y:Üen:v:es:üXiz: Aaôf ev:ej:üen:y:a OðøR em:eS:g:n:

(NOTE: To see the Devanagari font embedded in these pages it is necessary to use either NS 4.x or IE on a PC.  Xdvng does not fully display on a Mac.)

Key to exercise on compound verbs in  p:_-

     1a.  c:ðc:k PÝX p:_i.       'Smallpox broke out.'   (see Bahri's  eSax:aT:i ý ehndiAúg:Òðz:i SabdkaðSa.)
     1b.  b:aðt:l: PÝX g:I.       'The bottle broke.'
     Explanation: In (1b) the event of bursting leads to the destruction of the bottle. It "goes away".  In (1a) the breaking out of the disease leads to its presence, not its absence.  Compare remarks about  l:aòX p:_  versus  l:aòX j:a  in notes.

     2.   ekt:ab: em:l: g:I !       'Found the book!'
     Explanation (speculative):  The event denoted by  em:l:  can only lead to the presence of the book, not to its absence.  Vector  j:a's residual sense of going away is canceled out and with it the need to express a contrast by using vector  p:_.

     3a.  m:òø   ...   j:an: g:y:a ek  ...       'I learnt from his sister that he was sick.'
     3b.  m:ØJ:ð   ...    j:an: p:_a ek ...       'I learnt from his sister that he was sick.'   (see Bahri's  SabdkaðSa.)
     3c.  m:òø n:ð   ...   j:an: el:y:a ek  ...       'I learnt from his sister that he was sick.'

     Explanation: In this pair the distribution is determined by grammar.  In (3b) the use of vector  p:_  is the remnant of an old passive.  The phrase  j:an: p:_  is now a fixed expression which means 'seem' or (in 3b) 'learn' or 'find out' and which requires  kað  of experiencer (= the person who found out).  The construction in (3a) is straightforward.  Use of vector  j:a  implies the learning or finding out did not involve effort.  Contrast (3a) with the more deliberate  j:an: el:y:a  of (3c).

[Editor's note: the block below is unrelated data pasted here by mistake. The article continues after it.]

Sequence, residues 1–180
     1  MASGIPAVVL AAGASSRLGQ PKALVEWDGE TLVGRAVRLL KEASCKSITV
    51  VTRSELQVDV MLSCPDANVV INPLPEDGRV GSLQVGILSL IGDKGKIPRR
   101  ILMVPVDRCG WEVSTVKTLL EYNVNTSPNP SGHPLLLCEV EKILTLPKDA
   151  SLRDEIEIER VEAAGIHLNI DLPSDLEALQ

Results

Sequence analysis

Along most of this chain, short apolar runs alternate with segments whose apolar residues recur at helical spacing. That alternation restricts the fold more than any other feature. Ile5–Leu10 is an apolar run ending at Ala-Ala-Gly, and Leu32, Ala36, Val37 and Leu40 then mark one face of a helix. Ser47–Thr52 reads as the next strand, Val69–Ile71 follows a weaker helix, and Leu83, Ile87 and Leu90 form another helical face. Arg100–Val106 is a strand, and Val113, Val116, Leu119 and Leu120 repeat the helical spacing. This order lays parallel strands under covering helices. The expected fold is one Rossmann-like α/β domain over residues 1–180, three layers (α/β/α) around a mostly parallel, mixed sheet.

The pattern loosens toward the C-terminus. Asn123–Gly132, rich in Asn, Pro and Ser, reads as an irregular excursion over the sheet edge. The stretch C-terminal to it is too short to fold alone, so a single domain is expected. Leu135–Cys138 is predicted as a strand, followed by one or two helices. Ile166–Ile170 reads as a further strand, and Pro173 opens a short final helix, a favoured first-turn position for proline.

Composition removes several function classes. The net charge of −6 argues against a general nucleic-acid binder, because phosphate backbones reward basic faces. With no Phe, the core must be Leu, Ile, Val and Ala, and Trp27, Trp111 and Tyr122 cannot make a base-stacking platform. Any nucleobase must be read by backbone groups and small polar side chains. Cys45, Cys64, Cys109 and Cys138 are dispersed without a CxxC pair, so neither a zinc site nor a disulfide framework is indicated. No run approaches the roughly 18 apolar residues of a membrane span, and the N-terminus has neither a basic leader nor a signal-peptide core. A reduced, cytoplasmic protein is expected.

4a.  dada ki g:a_i ... b:aðl: j:aOg:i.
            'Grampa's car (was so bad it) looked as if at any moment it would give up the ghost.'

     4b.  dada ki t:s:v:ir ... b:aðl: p:_ðg:i.
            'Grampa's portrait (was so good it) looked as if at any moment it would speak.'

     Explanation (speculative):  Does the existence of a special idiom  b:aðl: j:a  'break down entirely; stop working' favor the use of vector  p:_  when commoner meanings of  b:aðl:  are intended?

     5a.  ray: s:ahb: ka m:Øúh eg:r g:y:a.       (from  g:aðdan: )
            'Ray Sahib's face fell.'

     5b.  b:cc:a m:Øúh kñ b:l: eg:r p:_a  /  g:y:a.      (adapted from  g:aðdan: )
            'The boy fell on his face.'

     Explanation:  If  eg:r p:_a  were used in (5a) the sense would be something like 'Ray Sahib's face fell down', like a mango from a tree!

     6a.  s:ðn:a Sahr p:r XÜX p:_i ...       'Like a tiger the army fell on the city.'
     6b.  K:aðp:_i p:tT:r p:r XÜX g:I ...       'Like a teacup the coconut broke on the rock.'

     Explanation:  The role of subject in the idiomatic expression  XÜX p:_- 'attack' is an unlikely one for a coconut.

     7a. ... AaúK:aðø s:ð ... Aaús:Ü en:kl: p:_ð.            (from  g:aðdan: )
           '...tears of joy flowed from Govindi's eyes.'

     7b. ... ,p:O haT: s:ð en:kl: g:O ...             (from  g:aðdan: )
            '... if I lose the money, I'll be ruined.'

     Explanation:  It is possible to use  g:O  in (7a) as well as the  p:_ð  that  )ðm:c:nd  chose.  However, in (7b) using  p:_ð  instead of  g:O  would work against the sense of loss.  Compare a similar explanation for the  g:I  in (1b).

     8.  v:h p:Øel:s: kñ s:am:n:ð PÝX p:_a.      'He revealed everything to the police.'     (see Bahri's  SabdkaðSa.)
     Explanation:  The use of vector  j:a  instead of  p:_  would denote an actual physical explosion.


Back to exercise.

To notes on  p:_  as vector.

To index of grammatical notes.

To index of  m:lhar .

Drafted and posted 23-27 Jul 2004.

Checked and commented on by  Â:i s:Üy:ü em:¶:l:  and  Raô0 s:ØrðS: kÙm:ar  Aug 2004. Emended 17 Aug 2004.